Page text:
The reason such situations are so successfully funny and compelling to us is that we have all been in that situation. We all know there is an insoluble dichotomy at work which naturally breeds humor. We all know it is true. And we laugh or at least grin, because we know the Trio +1 would just as easily support B.A. if he tweaked something that made it easier on their characters and brought them more wealth, power or experience. It is a self interested struggle on behalf of the players. And we sympathize with B.A. because his is not as self interested, but done in the interest of providing an adequate challenge to his unruly and perhaps overpowered bunch.

Classic humor aside, however, the struggle between these to poles is very real. Gary Gygax's weight on the matter seems clear:
Used as a standard by which to weight this argument for decades now, and to bequeath to DMs the ultimate power over their game. The loosely defined words, like Spirit, Obvious Intent, Major Systems, Uniformity of Play, and Broad Parameters make the statement almost legally useless however--which might have been the intent after all.

Most of us are quite comfortable with the balance that arises between DM fiat and flow, pacing and direction of play to roll with less exact applications of the rules in order to facilitate engaging and sustained play. In other words we want the story to move on at a nice pace and not have rules get in the way too much. The rules are less like train tracks and more like guardrails on a wide, unmarked two-lane country road on a broad flat field. Even if you broke through the rails, the truck is most likely going to keep on running.

However, what official tension should exist? Well, I offer the following. It is sort of an approach that is honed over time but seems to interpret the intent as well as the spirit in which D&D was created.

1. Rules should be followed if they are written in the official rules of the game, unless specifically represented as optional. And when the need arises and there are optional rules offered in the rulebooks, these optional rules should be preferred over houserulings.

2. When gameplay is ongoing it is quite common for situations to arise upon which a judgment is made that might be found to contradict a rule later. This can be shelved and remedied later so as not to interrupt the flow too much, unless some critical decision would affect a player negatively or positively to the point that a clear decision should be backed up by rules.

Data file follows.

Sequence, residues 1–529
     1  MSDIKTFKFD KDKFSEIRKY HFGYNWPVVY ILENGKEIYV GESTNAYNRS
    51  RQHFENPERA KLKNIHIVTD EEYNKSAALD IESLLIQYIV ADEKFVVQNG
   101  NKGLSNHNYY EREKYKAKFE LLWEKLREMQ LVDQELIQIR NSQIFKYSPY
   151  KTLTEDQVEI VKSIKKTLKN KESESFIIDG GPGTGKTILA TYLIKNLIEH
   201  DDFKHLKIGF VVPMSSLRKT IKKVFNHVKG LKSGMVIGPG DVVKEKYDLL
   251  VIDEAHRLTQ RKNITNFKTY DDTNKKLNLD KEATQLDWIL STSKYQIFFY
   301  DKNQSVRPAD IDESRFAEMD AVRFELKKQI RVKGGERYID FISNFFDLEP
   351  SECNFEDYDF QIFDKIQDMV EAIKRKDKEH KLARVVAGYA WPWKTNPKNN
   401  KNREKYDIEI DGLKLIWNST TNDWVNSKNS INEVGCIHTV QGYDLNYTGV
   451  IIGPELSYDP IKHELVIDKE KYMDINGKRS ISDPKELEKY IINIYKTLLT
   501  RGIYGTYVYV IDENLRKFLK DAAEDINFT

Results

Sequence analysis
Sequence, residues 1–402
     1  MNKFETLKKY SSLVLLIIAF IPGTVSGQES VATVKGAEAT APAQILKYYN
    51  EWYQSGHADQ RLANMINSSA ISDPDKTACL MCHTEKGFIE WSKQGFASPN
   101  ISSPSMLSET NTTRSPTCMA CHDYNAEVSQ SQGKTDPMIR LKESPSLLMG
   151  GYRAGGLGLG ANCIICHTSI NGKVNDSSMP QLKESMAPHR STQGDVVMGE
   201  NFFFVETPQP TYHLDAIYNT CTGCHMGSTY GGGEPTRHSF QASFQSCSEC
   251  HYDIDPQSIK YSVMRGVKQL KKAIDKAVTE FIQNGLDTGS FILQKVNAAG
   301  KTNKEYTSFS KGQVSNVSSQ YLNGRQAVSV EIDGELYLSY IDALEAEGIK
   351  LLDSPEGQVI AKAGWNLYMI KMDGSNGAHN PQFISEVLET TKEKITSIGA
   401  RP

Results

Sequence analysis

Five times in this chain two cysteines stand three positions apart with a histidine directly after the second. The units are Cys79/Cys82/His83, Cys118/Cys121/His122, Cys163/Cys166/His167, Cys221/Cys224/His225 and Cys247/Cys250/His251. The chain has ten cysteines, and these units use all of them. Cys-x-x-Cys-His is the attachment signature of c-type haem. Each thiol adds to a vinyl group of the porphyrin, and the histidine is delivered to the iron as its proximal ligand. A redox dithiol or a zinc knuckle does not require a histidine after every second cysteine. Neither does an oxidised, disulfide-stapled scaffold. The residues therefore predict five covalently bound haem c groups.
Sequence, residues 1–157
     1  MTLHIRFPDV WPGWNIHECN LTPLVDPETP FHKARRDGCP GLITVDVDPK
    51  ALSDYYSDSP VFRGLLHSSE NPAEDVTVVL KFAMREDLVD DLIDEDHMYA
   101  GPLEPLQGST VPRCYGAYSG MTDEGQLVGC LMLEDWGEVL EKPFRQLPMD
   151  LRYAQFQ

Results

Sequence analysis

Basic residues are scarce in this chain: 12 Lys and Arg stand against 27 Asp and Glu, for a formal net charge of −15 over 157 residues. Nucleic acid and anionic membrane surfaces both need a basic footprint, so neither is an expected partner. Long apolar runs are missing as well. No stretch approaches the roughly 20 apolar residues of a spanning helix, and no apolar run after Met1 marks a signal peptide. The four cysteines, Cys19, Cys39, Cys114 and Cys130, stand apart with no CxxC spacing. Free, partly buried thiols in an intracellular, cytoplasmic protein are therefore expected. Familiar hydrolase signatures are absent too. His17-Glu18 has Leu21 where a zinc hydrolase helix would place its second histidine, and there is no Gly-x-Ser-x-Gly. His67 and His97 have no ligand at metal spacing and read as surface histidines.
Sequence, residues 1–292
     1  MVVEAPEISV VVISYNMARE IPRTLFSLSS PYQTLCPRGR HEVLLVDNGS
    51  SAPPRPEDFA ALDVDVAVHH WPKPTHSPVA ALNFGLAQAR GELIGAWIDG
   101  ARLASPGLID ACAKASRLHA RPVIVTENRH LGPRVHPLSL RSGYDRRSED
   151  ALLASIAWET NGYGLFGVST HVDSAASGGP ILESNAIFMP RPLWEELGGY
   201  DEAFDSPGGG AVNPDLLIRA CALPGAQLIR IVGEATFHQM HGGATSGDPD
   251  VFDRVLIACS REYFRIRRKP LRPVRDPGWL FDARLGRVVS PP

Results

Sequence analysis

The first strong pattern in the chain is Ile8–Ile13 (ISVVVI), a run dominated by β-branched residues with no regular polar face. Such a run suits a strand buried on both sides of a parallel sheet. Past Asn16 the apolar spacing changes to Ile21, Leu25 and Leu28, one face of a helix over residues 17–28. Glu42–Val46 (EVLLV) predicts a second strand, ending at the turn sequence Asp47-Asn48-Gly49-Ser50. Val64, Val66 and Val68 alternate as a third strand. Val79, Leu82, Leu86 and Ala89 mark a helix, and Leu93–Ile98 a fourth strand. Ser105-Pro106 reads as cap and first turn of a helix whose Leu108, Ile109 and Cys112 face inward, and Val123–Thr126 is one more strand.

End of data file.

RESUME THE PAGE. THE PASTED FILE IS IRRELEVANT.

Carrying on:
3. It is also common, especially when just learning a game or as a new DM, to not play with all rules initially given that as time goes on and situations arise play is more and more aligned to the rules as outlined in #2 above.

4. Additions to rules should be preferred over changes or exclusions to rules whenever possible, and it is quite common to need to add a houserule to handle situations not covered in the rule. In such cases the rule should be noted and referred to in the future when such situations arise in order to foster uniformity of play at least within the group.

5. Interpretations of rules should likewise be recorded and kept as a houserule with the same guidelines as expressed in #4 above.

6. Excisions or alterations in rules should be avoided if at all possible, but when they are done should be explained before hand to players and common consensus achieved. These should be presented as a houserules addendum which are kept in written format and then recorded so as to provide uniformity of play within the group. Note that not all the specifics of rules changed by the DM need be outlined to the players, if keeping specifics hidden to maintain exciting and engaging play.

Example 1: DM Johnny decides he wants critical hits and fumbles in his game. Such combat specifics are not a part of the main game, but optional rules for crits and fumbles are provided in the GMG. Johnny should adopt these optional rules before adopting or creating his own.

Example 2: In play at Johnny's table that night Swaray the Bard rolls a 1 on his check to play his lute to charm a crowd. Not sure if the Fumble tables handle non combat situations Johnny rules it as a simply, if awful, fail but no actual fumble with more deleterious effects. He didn't want to take the time to look the rule up then, since the thief was about to backstab a guard and the crowd might react, so he just made a ruling and kept the game flowing. However, he notes this to look up after the game to see if he ruled correctly. Note here that if the results of properly determining if a fumble applied in this case could have meant the difference between life and death, or perhaps the thief's success or failure or some other critical action that could permanently affect gameplay the actual rule should be sought and consulted.